Ghana (MNN) — Hundreds of villagers with venomous snake bites, typhoid, hernias and tumors visit the Baptist Medical Centre in northern Ghana each day, which only has two missionary doctors on staff. Most doctors are usually located in more developed areas of Ghana. Developed by the International Mission Board fifty years ago, the center regularly recruits medical help, but a persistent need for more volunteers remains.
"They really help us manage the load," says George Faile III, one of the missionary doctors on staff. "Even though a lot of them are students or residents, they are able to help us see patients in clinics and take calls at night. They also do rounds and some of the minor procedures."
The IMB offers a Medical Receptor program for medical residents and fourth-year medical students who want to offer their services overseas. Those who are active in a Southern Baptist church and agree to serve eight to 12 weeks have nearly all costs covered by the program.
"I thought that if I am planning on pursuing a career in medical missions, this was a great way to get my feet wet and to reconfirm my passion," said Heidi Haun, a member of Seminole First Baptist Church in Florida. "I remember walking back to my house from the hospital one night and thinking, ‘I could feel at home here.'"
Haun came to Ghana for 12 weeks with her husband and child. She treated deadly snake bites and cleaned abdomens pierced by advanced typhoid during her term at the medical facility. When diagnosing patients with terminal cancer, Haun shared the eternal hope that Christ offers.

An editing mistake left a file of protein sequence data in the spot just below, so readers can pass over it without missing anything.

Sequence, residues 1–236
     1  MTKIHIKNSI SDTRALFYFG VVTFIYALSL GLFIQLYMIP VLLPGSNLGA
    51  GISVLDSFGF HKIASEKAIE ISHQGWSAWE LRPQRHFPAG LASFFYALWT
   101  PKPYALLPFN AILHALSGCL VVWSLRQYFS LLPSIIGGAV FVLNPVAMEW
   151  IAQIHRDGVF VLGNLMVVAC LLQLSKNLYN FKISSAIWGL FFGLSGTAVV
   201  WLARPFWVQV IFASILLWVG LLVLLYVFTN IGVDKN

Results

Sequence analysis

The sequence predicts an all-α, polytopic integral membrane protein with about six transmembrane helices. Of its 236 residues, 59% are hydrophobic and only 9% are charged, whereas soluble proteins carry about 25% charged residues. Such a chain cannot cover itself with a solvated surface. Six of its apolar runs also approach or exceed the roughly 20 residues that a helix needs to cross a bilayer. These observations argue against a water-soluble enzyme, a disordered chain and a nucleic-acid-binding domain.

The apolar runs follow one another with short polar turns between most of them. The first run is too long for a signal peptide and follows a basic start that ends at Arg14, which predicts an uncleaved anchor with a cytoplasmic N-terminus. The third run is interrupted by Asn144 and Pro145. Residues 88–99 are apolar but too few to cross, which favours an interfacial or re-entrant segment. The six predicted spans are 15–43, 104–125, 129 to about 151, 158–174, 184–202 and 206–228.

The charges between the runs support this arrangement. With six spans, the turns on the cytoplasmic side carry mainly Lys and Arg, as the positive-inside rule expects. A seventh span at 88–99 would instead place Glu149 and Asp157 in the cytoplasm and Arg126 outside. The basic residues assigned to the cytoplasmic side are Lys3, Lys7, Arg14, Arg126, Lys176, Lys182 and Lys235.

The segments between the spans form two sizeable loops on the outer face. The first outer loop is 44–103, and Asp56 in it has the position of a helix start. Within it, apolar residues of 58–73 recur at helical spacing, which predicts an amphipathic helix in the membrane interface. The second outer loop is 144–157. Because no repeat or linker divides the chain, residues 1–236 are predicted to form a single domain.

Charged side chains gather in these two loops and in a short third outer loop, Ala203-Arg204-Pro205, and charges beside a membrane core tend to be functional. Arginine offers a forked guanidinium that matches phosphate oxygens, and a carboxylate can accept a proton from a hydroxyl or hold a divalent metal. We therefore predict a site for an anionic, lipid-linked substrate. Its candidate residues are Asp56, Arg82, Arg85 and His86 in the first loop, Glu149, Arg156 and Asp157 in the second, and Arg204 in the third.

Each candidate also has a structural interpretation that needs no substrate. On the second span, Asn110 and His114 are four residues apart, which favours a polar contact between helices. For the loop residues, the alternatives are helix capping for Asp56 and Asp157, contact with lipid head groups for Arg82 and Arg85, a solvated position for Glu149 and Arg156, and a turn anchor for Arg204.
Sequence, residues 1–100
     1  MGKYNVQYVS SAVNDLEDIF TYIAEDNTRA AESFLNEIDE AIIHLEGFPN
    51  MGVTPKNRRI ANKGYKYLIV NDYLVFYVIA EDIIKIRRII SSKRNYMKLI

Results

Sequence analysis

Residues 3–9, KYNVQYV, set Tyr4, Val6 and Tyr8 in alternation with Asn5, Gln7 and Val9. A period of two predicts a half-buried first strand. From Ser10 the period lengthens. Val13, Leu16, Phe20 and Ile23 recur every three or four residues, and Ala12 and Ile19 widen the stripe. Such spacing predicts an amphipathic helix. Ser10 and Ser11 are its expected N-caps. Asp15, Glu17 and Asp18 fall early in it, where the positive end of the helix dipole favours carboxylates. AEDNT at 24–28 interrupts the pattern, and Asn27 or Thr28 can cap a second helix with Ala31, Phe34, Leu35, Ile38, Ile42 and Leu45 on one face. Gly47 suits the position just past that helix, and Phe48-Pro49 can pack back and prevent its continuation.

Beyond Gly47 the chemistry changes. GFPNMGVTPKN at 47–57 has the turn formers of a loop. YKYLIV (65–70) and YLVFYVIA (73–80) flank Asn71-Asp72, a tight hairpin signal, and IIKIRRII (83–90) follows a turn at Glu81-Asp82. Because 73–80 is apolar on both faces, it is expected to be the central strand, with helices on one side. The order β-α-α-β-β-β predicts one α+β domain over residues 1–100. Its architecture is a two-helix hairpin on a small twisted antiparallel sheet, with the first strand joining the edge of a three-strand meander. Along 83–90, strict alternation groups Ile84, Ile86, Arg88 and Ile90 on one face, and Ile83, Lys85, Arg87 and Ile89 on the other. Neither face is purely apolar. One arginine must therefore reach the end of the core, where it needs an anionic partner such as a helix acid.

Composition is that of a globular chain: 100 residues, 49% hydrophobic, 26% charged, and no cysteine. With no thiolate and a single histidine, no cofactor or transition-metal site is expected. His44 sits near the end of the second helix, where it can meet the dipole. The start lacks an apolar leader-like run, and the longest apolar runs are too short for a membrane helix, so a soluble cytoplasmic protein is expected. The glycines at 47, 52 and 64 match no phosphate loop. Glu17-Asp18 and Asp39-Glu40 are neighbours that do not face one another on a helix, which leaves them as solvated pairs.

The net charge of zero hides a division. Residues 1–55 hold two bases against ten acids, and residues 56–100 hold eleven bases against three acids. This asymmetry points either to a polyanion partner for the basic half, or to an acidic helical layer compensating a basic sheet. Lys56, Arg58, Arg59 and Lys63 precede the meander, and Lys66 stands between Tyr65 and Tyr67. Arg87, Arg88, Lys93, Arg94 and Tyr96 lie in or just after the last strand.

"We're unlimited in how we can approach patients spiritually," explained Earl Hewitt, the other doctor on staff at the hospital. "In the States, you might not be able to present the Gospel. That might be considered infringing on patients' rights. Here, we are free to [talk about Jesus], and we do it as often as we can."
Dr. William Prine, who has practiced medicine in Tennessee for 34 years, had a unique opportunity to share Christ during the two weeks he spent volunteering. Noticing his blood type matched a man at the center who needed blood, Prine took the opportunity to donate his blood and share Jesus with the man.
"I began talking to the man by acknowledging that I had given him blood to prolong his physical life," said Prine. "I then told him I wanted to tell him about the blood Jesus had shed for him."
The man received Jesus as Lord and Savior and asked Prine for a Bible the next day.
"I have never felt so in the presence of God as during my time in Nalerigu," Prine said. "I want to see more volunteers there. They need two other doctors there 52 weeks of the year. "
The United States has about one doctor for every 400 people, according to the World Health Organization. Ghana has one for every 6,600 and they are generally located in more developed areas of the country.
To learn more about the Medical Receptor program, click here.